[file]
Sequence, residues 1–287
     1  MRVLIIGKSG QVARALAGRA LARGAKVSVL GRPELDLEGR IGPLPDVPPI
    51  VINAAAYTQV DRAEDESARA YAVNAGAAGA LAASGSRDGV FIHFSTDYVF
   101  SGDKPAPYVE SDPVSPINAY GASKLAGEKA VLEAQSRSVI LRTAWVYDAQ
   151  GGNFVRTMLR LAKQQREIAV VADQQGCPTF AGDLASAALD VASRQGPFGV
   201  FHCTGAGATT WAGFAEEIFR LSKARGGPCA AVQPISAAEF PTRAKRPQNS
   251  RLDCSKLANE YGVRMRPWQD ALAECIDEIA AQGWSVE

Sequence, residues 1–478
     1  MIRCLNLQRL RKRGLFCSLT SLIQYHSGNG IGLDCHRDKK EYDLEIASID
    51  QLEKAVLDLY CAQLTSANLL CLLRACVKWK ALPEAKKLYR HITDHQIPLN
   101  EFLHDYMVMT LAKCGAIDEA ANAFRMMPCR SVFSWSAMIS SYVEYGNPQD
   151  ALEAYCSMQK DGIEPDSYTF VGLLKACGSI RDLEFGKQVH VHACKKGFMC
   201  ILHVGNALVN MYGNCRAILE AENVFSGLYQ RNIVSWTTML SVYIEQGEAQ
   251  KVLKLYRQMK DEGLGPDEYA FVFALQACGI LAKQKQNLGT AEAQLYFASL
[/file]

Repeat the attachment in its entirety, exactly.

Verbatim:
Sequence, residues 1–287
     1  MRVLIIGKSG QVARALAGRA LARGAKVSVL GRPELDLEGR IGPLPDVPPI
    51  VINAAAYTQV DRAEDESARA YAVNAGAAGA LAASGSRDGV FIHFSTDYVF
   101  SGDKPAPYVE SDPVSPINAY GASKLAGEKA VLEAQSRSVI LRTAWVYDAQ
   151  GGNFVRTMLR LAKQQREIAV VADQQGCPTF AGDLASAALD VASRQGPFGV
   201  FHCTGAGATT WAGFAEEIFR LSKARGGPCA AVQPISAAEF PTRAKRPQNS
   251  RLDCSKLANE YGVRMRPWQD ALAECIDEIA AQGWSVE

Sequence, residues 1–478
     1  MIRCLNLQRL RKRGLFCSLT SLIQYHSGNG IGLDCHRDKK EYDLEIASID
    51  QLEKAVLDLY CAQLTSANLL CLLRACVKWK ALPEAKKLYR HITDHQIPLN
   101  EFLHDYMVMT LAKCGAIDEA ANAFRMMPCR SVFSWSAMIS SYVEYGNPQD
   151  ALEAYCSMQK DGIEPDSYTF VGLLKACGSI RDLEFGKQVH VHACKKGFMC
   201  ILHVGNALVN MYGNCRAILE AENVFSGLYQ RNIVSWTTML SVYIEQGEAQ
   251  KVLKLYRQMK DEGLGPDEYA FVFALQACGI LAKQKQNLGT AEAQLYFASL